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I'm working on a DPS software and I was looking at the entire time that my sound sample take from the moment it begin the processing until it reach the ear. I'm reaching something like 71ms, but I've no reference which could allow me to say if it's good or not.

So I was wondering : how many time does the sound take to reach the human ear since the moment where the hammer of a piano touch the wire ? I'm not talking about sound speed but the moment when we ear the piano key.

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    The question needs re-phrasing so we understand exactly what you need to know. – Tim Dec 28 '17 at 16:30
  • I agree with Tim, this is a bit confusing. The only thing that affects the amount of time between the hammer striking the string and our ears detecting it is the speed of sound, so what are you asking about if not the speed of sound? – Todd Wilcox Dec 28 '17 at 19:59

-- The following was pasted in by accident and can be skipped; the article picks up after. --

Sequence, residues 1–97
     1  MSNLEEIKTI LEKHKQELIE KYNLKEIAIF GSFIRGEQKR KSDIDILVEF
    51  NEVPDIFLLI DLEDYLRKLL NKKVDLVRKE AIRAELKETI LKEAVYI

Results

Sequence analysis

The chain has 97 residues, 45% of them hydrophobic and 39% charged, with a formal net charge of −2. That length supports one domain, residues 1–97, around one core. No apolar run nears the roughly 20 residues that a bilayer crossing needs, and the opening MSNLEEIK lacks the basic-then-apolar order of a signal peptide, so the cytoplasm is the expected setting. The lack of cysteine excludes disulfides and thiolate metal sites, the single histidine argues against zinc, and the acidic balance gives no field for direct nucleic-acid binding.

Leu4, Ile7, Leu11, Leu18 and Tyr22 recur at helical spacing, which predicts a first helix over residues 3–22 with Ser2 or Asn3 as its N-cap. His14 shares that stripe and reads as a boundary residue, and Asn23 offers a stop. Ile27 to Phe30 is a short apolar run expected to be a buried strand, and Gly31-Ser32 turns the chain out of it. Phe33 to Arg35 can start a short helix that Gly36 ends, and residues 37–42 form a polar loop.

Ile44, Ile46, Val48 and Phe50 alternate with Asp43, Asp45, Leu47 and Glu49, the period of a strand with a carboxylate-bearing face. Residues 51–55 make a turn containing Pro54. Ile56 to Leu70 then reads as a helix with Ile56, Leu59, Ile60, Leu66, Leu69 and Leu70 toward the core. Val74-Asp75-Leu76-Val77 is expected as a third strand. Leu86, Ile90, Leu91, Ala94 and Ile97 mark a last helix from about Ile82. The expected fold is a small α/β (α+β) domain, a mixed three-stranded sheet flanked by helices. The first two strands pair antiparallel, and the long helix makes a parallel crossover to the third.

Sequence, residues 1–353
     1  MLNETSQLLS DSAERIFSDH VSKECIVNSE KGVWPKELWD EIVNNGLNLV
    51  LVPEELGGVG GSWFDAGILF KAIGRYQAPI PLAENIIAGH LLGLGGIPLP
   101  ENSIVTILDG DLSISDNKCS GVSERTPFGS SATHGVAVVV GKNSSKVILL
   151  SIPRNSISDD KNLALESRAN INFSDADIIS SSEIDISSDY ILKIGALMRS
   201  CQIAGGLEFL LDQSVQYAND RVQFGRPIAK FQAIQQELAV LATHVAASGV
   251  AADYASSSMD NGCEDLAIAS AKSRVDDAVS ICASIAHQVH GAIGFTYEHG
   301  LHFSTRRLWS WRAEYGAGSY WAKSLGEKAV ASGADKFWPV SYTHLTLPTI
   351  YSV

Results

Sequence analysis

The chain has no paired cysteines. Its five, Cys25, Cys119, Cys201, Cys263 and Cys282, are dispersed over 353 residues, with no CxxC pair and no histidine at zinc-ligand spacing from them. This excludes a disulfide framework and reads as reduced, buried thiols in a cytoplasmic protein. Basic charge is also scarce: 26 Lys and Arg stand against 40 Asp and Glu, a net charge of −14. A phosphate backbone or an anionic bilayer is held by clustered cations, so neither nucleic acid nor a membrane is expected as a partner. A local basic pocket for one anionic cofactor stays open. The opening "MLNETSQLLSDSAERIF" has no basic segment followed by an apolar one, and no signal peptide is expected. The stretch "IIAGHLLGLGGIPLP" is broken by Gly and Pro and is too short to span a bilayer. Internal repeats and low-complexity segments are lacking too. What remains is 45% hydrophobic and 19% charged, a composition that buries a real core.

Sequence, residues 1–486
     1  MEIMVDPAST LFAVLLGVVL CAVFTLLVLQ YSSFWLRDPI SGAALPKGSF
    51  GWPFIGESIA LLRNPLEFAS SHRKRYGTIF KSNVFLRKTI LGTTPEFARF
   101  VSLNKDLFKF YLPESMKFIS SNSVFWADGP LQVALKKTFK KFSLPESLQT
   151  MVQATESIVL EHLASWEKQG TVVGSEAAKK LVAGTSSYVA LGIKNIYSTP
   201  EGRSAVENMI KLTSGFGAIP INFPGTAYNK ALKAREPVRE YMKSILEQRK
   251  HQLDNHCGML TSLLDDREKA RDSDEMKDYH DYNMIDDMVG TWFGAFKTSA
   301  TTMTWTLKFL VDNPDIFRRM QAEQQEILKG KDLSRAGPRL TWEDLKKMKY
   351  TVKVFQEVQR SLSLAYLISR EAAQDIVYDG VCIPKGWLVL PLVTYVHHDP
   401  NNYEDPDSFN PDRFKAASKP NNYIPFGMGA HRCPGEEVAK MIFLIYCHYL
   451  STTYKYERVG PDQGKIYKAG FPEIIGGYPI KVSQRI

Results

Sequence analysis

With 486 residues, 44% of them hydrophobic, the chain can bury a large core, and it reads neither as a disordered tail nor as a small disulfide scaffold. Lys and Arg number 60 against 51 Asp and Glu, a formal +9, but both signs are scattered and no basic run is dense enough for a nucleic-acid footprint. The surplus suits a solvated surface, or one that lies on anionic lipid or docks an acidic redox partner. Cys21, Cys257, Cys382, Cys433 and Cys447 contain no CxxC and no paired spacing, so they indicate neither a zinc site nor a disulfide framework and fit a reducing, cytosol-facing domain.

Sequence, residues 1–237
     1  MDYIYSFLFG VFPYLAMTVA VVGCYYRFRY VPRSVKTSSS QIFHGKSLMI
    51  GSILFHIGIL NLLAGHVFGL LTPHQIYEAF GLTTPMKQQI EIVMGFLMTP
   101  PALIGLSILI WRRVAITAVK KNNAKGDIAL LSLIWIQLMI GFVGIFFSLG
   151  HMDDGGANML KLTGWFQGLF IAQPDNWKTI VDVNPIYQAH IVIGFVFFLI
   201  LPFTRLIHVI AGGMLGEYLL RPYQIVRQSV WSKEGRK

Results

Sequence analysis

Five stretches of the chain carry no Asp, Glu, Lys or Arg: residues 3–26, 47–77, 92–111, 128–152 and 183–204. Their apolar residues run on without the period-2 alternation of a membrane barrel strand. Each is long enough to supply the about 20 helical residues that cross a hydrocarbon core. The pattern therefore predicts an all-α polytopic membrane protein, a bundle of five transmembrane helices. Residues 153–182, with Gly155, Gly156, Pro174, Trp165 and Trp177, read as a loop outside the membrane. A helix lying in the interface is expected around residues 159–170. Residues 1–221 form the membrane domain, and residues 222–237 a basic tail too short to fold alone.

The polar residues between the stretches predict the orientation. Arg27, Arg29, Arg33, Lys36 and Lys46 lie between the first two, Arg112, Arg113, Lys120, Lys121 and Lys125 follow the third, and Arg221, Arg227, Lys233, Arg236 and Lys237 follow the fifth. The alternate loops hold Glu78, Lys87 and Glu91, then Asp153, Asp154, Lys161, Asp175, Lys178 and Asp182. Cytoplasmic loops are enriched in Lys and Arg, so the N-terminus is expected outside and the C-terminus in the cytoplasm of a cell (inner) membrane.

• By the way, the 71 ms between the initiation of the note and when it is heard is called latency. If you are trying to recreate the experience of a musician playing the piano, then 71 ms is way too long for a latency figure. Most musicians are uncomfortable with more than about 10 ms of latency, and others are bothered by latency as low as 5 ms. – Todd Wilcox Dec 28 '17 at 20:10
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The speed of sound is approximately 1100 feet/second at room temperature and at sea level. So, one just calculates time=distance/1100 where the distance is in feet. The pianist is about 3 feet from the striking point (more or less) so the time is 3/1100 seconds or 2.7ms. For the audience about 30 feet away, 30/100 gives about 27ms.

  • I'm not exactly speaking about the moment it reaches the pianist but more about the moment when the brain is aware that there is sound. – JonOsterman Dec 28 '17 at 15:36
  • So you would need to measure the time necessary from when the ear drum vibrates to the moment someone recognizes sound. I anticipate it would be similar to a stop watch. – jjmusicnotes Dec 28 '17 at 17:09
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    @JonOsterman Are you asking about the length of time between when the eardrum first starts to vibrate from the sound pressure and when the brain receives the nerve impulses and decodes it into a note? I believe there is research on that and it is a very short amount of time. – Todd Wilcox Dec 28 '17 at 20:08
  • @ToddWilcox yep that's it – JonOsterman Dec 30 '17 at 15:58

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